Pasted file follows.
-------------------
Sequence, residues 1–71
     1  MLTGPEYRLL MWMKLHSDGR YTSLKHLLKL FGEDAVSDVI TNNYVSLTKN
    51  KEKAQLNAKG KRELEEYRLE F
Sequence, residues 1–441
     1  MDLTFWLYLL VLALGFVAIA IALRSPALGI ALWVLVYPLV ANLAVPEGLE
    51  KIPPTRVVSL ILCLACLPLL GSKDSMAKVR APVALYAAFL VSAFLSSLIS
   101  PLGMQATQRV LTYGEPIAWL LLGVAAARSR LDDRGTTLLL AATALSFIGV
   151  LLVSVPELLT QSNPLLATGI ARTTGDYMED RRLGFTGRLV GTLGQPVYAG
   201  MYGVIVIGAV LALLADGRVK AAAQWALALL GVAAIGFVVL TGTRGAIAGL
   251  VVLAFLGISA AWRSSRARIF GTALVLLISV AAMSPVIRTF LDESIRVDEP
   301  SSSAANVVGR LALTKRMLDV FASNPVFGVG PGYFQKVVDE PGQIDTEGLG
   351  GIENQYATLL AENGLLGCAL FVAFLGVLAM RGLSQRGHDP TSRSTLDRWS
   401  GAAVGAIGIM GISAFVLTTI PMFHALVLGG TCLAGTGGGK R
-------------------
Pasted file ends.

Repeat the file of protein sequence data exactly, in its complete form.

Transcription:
Sequence, residues 1–71
     1  MLTGPEYRLL MWMKLHSDGR YTSLKHLLKL FGEDAVSDVI TNNYVSLTKN
    51  KEKAQLNAKG KRELEEYRLE F
Sequence, residues 1–441
     1  MDLTFWLYLL VLALGFVAIA IALRSPALGI ALWVLVYPLV ANLAVPEGLE
    51  KIPPTRVVSL ILCLACLPLL GSKDSMAKVR APVALYAAFL VSAFLSSLIS
   101  PLGMQATQRV LTYGEPIAWL LLGVAAARSR LDDRGTTLLL AATALSFIGV
   151  LLVSVPELLT QSNPLLATGI ARTTGDYMED RRLGFTGRLV GTLGQPVYAG
   201  MYGVIVIGAV LALLADGRVK AAAQWALALL GVAAIGFVVL TGTRGAIAGL
   251  VVLAFLGISA AWRSSRARIF GTALVLLISV AAMSPVIRTF LDESIRVDEP
   301  SSSAANVVGR LALTKRMLDV FASNPVFGVG PGYFQKVVDE PGQIDTEGLG
   351  GIENQYATLL AENGLLGCAL FVAFLGVLAM RGLSQRGHDP TSRSTLDRWS
   401  GAAVGAIGIM GISAFVLTTI PMFHALVLGG TCLAGTGGGK R